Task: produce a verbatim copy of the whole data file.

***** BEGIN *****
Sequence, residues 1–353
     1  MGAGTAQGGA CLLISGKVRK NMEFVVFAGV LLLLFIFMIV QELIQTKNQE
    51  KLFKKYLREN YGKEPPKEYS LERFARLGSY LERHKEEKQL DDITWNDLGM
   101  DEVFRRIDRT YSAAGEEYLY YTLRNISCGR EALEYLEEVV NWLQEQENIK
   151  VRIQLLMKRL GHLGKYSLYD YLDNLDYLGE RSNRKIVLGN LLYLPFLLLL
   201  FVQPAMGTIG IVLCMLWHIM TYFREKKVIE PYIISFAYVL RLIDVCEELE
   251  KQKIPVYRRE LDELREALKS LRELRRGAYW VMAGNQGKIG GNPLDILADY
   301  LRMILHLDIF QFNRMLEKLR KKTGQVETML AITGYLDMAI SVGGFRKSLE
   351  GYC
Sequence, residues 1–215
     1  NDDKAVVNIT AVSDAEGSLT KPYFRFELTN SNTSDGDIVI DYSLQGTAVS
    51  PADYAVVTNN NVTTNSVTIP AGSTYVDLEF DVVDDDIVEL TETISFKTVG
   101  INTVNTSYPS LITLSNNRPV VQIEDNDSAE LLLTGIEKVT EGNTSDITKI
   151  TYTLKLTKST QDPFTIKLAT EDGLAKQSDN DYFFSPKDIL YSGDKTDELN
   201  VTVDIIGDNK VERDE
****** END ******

Sequence, residues 1–353
     1  MGAGTAQGGA CLLISGKVRK NMEFVVFAGV LLLLFIFMIV QELIQTKNQE
    51  KLFKKYLREN YGKEPPKEYS LERFARLGSY LERHKEEKQL DDITWNDLGM
   101  DEVFRRIDRT YSAAGEEYLY YTLRNISCGR EALEYLEEVV NWLQEQENIK
   151  VRIQLLMKRL GHLGKYSLYD YLDNLDYLGE RSNRKIVLGN LLYLPFLLLL
   201  FVQPAMGTIG IVLCMLWHIM TYFREKKVIE PYIISFAYVL RLIDVCEELE
   251  KQKIPVYRRE LDELREALKS LRELRRGAYW VMAGNQGKIG GNPLDILADY
   301  LRMILHLDIF QFNRMLEKLR KKTGQVETML AITGYLDMAI SVGGFRKSLE
   351  GYC
Sequence, residues 1–215
     1  NDDKAVVNIT AVSDAEGSLT KPYFRFELTN SNTSDGDIVI DYSLQGTAVS
    51  PADYAVVTNN NVTTNSVTIP AGSTYVDLEF DVVDDDIVEL TETISFKTVG
   101  INTVNTSYPS LITLSNNRPV VQIEDNDSAE LLLTGIEKVT EGNTSDITKI
   151  TYTLKLTKST QDPFTIKLAT EDGLAKQSDN DYFFSPKDIL YSGDKTDELN
   201  VTVDIIGDNK VERDE